Code, Sec. 15.1-1379 authorizes the Authority to issue bonds to pay "all or any part of the costs of authority facilities." Code, Sec. 15.1-1374(e) defines "cost" in general and specific language which, in our opinion, is sufficiently broad to include the disputed costs of Evans and the Bank in connection with the project. We find nothing illegal, therefore, about the Indenture in this respect.
The final contention of the respondent is that Code, Sec. 15.1-1382, a part of the Act, is unconstitutional and that Section 6.06 of the proposed lease between the Authority and Evans is, therefore, invalid.
Code, Sec. 15.1-1382 provides that the Authority shall fix the rents, fees, and other charges which shall be paid for use of its facilities. The section further provides:
". . . Included in the rental payments to be made by any lessee to the authority shall be an amount in lieu of and equal to local property taxes and assessments upon property of the authority so leased; provided, however, that all such taxes and assessments shall be remitted by the authority to the political subdivision to which such taxes would normally be remitted if the property were owned by private persons and not by the authority and shall be remitted by the authority to the political subdivision at the same time and into the same fund or funds as are local property taxes. Notwithstanding anything contained herein to the contrary, the authority and the political subdivision in which all or any part of the property for a particular facility of the authority is located may agree at any time to a definite sum to be paid as local property taxes and assessments throughout the duration of the lease of a particular project . . . ."
Section 6.06 of the lease provides, pursuant to Code, Sec. 15.1-1382, for the payment by Evans as additional rent of a sum in lieu of taxes and assessments.
These statutory and lease provisions, the respondent argues, are contrary to Sec. 183 of the Constitution providing for the exemption from taxation of only certain specified property and to Sec. 168 requiring that "all taxes, whether State, local or municipal, shall be uniform upon the same class of subjects within the territorial limits of the authority levying the tax, and shall be levied and collected under general law."
The respondent concedes that property owned by the Authority is exempt from taxation under the provisions of Sec. 183. He says, however, that the leasehold interest of Evans is subject to taxation under Code, Sec. 58-758. See Shaia v. City of Richmond, 207 Va. 885, 153 S.E.2d 257. The respondent then argues that Code, Sec. 15.1-1382 and the lease permit the parties to agree to the payment of a leasehold interest tax by Evans which might not equal the proper amount or which might be less than another lessee similarly situated might be required to pay, thus resulting in a lack of uniformity or in no taxation at all.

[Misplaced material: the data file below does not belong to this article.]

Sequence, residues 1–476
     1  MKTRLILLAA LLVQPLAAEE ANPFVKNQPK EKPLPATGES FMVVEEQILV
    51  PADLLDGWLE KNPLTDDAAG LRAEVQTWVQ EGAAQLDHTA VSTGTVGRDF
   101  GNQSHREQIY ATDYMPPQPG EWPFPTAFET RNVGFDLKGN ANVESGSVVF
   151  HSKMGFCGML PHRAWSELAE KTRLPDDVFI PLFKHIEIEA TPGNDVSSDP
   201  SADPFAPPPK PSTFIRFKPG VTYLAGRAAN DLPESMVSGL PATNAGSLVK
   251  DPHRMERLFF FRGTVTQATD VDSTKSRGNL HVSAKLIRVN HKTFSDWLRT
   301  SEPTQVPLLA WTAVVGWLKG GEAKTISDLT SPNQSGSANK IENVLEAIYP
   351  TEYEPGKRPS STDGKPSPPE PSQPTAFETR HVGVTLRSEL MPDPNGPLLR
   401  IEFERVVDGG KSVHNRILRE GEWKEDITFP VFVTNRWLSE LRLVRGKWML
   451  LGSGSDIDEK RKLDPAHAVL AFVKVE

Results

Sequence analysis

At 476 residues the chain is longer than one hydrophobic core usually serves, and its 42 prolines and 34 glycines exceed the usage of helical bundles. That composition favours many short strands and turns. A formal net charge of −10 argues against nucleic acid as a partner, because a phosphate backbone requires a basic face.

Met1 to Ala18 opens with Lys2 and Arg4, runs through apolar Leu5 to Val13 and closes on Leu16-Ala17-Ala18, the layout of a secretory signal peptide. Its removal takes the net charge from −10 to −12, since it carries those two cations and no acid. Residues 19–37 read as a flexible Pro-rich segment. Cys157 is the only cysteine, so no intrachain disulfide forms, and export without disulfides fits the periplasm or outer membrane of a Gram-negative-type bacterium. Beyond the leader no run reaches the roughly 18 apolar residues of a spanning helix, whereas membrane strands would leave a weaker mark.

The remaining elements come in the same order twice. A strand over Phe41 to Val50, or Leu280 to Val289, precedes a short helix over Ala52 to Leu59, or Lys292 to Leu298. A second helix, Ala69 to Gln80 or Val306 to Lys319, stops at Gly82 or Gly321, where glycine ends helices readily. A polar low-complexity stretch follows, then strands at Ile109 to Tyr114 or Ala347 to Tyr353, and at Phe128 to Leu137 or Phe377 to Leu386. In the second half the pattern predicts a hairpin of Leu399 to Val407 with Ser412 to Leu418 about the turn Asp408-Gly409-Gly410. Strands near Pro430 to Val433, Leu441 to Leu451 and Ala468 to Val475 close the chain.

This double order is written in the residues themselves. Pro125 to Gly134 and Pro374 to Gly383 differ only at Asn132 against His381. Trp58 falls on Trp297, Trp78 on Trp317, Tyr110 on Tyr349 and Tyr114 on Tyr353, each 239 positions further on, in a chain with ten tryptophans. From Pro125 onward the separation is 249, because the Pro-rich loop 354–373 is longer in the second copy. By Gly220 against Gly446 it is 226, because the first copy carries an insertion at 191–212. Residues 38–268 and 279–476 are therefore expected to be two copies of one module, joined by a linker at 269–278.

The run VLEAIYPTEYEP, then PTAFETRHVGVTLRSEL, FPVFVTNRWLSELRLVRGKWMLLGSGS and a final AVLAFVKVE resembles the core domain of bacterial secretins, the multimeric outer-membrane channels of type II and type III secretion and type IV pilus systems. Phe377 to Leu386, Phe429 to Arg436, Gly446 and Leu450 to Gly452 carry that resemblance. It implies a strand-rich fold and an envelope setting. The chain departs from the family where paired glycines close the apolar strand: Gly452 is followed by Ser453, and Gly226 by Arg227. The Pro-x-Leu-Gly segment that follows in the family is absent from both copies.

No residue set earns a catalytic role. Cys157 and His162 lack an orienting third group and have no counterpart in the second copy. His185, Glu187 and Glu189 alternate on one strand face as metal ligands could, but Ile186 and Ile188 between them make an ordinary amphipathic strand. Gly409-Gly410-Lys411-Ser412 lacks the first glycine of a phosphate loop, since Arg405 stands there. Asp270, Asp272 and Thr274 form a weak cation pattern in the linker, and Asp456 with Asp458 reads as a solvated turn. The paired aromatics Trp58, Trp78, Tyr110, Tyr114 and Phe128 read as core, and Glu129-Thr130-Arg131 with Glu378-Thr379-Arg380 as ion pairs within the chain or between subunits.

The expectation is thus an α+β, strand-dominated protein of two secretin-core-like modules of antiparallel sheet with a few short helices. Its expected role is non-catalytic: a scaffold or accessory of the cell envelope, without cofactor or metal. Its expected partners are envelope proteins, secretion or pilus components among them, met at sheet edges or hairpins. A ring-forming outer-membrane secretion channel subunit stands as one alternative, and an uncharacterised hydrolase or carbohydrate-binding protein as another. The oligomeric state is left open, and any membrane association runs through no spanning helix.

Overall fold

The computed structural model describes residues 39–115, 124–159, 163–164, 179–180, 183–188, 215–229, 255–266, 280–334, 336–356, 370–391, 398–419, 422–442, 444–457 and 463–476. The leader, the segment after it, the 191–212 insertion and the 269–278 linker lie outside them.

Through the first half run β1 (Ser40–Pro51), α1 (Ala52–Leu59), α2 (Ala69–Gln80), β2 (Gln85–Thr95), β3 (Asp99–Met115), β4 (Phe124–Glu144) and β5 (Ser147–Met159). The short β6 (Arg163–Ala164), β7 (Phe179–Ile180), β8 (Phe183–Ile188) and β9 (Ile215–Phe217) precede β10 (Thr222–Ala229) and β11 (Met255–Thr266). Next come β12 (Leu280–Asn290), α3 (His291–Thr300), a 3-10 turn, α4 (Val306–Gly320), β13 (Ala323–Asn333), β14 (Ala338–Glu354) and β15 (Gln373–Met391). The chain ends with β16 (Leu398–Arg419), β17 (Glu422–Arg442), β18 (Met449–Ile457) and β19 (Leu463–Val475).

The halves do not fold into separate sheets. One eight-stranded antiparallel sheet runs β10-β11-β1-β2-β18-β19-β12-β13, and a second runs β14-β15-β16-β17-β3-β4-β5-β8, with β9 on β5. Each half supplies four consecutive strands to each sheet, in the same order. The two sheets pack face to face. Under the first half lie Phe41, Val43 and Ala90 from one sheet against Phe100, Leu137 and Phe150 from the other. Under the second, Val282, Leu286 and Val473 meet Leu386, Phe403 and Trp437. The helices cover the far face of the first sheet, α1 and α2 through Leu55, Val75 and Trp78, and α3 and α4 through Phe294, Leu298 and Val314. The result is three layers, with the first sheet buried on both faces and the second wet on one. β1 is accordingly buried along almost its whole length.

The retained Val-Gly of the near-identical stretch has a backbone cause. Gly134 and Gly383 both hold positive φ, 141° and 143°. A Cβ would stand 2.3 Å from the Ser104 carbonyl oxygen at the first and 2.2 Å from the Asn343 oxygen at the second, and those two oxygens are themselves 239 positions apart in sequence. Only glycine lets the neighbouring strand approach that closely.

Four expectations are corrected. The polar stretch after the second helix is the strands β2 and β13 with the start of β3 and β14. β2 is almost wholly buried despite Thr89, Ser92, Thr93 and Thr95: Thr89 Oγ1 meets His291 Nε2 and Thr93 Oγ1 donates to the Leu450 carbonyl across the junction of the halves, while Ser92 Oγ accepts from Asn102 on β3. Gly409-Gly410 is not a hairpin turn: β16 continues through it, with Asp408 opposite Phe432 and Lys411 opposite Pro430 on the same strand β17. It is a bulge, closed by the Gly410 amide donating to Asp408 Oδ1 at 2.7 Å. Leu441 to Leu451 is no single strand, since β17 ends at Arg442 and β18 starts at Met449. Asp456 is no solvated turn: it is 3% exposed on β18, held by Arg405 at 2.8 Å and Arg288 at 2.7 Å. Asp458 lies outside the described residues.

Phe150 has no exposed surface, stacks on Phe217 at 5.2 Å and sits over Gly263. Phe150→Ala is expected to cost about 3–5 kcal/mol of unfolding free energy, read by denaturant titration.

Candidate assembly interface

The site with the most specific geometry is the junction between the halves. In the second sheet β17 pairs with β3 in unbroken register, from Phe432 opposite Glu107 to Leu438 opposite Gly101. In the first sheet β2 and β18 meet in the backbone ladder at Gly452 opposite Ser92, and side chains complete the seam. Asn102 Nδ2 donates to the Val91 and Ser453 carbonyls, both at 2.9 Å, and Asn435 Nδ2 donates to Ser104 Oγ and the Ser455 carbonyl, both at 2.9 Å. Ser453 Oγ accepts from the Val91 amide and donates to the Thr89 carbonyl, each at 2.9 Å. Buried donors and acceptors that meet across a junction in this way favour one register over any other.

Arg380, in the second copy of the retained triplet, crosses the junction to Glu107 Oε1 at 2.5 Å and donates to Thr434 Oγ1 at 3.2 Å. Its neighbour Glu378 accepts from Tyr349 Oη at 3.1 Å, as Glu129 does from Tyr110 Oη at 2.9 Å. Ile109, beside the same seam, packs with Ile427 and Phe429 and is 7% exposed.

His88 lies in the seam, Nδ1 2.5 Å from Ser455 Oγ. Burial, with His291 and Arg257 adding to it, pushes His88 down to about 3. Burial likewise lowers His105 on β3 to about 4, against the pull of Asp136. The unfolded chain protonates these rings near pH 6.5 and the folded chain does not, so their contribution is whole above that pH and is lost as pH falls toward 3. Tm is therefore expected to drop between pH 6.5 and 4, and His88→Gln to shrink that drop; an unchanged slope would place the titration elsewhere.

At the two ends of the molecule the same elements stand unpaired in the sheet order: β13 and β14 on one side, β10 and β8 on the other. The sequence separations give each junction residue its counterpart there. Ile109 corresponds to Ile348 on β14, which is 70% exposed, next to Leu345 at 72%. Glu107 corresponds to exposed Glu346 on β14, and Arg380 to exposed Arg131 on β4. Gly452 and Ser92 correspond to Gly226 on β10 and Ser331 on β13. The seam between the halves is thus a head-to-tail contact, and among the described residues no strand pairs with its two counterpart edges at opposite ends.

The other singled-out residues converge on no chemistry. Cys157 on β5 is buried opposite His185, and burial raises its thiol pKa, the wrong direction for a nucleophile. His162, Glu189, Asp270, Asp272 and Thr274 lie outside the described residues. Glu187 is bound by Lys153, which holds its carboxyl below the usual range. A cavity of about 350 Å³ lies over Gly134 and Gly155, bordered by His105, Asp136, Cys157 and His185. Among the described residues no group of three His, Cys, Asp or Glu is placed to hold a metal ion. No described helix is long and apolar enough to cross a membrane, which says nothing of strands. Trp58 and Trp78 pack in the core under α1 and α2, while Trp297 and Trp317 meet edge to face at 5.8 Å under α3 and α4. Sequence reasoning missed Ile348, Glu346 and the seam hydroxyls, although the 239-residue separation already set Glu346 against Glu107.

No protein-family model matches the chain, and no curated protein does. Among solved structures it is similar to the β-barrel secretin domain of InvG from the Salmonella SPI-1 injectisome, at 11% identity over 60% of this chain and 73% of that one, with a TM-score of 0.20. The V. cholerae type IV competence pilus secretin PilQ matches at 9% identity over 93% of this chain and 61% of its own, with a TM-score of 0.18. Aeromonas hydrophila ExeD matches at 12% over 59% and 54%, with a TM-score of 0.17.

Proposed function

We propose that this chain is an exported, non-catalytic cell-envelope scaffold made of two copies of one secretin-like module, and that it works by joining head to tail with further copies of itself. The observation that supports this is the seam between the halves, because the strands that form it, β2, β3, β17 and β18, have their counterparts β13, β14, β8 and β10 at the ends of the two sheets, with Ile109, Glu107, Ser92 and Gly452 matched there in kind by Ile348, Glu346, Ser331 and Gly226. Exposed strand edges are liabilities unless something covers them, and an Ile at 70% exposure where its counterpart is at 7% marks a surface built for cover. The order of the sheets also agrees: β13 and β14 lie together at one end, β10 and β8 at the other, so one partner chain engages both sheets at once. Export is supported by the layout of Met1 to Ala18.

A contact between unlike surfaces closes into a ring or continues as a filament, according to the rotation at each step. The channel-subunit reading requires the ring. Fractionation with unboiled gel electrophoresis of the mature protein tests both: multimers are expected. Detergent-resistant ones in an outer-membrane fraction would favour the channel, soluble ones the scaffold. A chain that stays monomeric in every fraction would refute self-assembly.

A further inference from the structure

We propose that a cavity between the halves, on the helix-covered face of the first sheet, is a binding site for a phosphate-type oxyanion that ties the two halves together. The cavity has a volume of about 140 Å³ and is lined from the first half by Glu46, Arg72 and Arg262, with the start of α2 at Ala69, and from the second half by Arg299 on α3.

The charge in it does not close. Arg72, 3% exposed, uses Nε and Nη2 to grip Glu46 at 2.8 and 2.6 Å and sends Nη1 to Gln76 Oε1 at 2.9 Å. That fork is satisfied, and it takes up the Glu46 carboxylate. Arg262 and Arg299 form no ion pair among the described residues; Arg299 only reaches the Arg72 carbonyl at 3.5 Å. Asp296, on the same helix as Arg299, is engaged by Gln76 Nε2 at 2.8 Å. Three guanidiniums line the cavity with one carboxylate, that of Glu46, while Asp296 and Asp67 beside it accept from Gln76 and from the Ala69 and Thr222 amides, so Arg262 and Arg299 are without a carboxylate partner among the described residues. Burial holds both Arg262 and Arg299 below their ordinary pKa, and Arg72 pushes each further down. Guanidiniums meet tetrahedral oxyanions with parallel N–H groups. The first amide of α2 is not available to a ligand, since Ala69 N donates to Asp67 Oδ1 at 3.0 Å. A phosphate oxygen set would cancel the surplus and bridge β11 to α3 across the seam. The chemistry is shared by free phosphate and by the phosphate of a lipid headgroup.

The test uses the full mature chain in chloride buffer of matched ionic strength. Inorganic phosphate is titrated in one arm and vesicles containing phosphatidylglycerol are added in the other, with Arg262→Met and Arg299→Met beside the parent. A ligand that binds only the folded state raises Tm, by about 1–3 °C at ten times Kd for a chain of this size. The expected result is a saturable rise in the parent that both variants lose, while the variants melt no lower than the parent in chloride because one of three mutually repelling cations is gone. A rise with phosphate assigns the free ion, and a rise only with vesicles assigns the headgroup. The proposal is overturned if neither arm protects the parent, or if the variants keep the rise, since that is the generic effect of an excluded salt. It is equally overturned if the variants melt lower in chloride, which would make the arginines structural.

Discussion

We must agree with the respondent that the portion of Code, Sec. 15.1-1382 providing for the payment of a fixed sum in lieu of taxes is unconstitutional and that Section 6.06 of the lease is invalid.
Code, Sec. 15.1-1382 has the effect of exempting the lessee of industrial authority property from the payment of a leasehold interest tax imposed pursuant to Code, Sec. 58-758. The case of Shaia v. City of Richmond, supra, makes it clear that neither such a lessee nor such a leasehold interest is exempted from taxation by Sec. 183 of the Constitution. 207 Va., at p. 890.
Code, Sec. 15.1-1382 has the further effect of permitting taxation by agreement rather than by the levy and collection of taxes under general law as required by Sec. 168 of the Constitution.
Finally, Code, Sec. 15.1-1382 has the effect of permitting non-uniformity of taxation in violation of Sec. 168, not only as between lessees of industrial authority property in a municipality but also as between lessees of such property and lessees of other tax exempt property. That is so because the amount of the fixed sum to be paid by lessees of industrial authority property, although required by the statute to be "equal to local property taxes and assessments," is to be the subject of negotiation between the interested parties.
As between the various lessees of industrial authority property similarly situated, the amount of the fixed sum may vary as the abilities of the negotiators vary. And, as between such lessees and those leasing other tax exempt property, the former are granted the right to negotiate the fixed sum to be paid in lieu of taxes while the latter are granted no such right but are left to the mercy of the assessing authorities.
In Whiting Als. v. Town of West Point, 88 Va. 905, 14 S.E. 698, a case not cited to us by either party to this litigation, this court held unconstitutional an ordinance which exempted a railroad company from the payment of local taxes upon its property as long as it maintained its principal Virginia office in the town. The opinion cites the case of State v. Hannibal St. J. R. Co., 75 Mo. 208. In the Missouri case, the city of Hannibal contracted with a railroad company to exempt its property from city taxation in consideration of the annual payment by the railroad of $700. The Missouri court held the contract invalid. This court noted with approval one of the grounds for holding that the contract was not valid. That ground applies here. Our opinion states:
". . . [T]he idea of taxation imports equality of apportionment . . . [I]t is this which distinguishes taxation from arbitrary exaction. . . [T]he exemption of the property of one person casts an inequitable burden upon others not thus graciously favored." 88 Va., at p. 908.
See also Bristol v. Dominion Nat. Bank, 153 Va. 71, 78, 149 S.E. 632; City of Richmond v. Va. R. P. Co., 124 Va. 529, 542-543, 98 S.E. 691.
The respondent cannot be required to sign the lease because it contains a void provision. Nor can he be required to sign the Indenture because it is contingent upon the execution of a valid lease. The writ of mandamus will, therefore, be denied.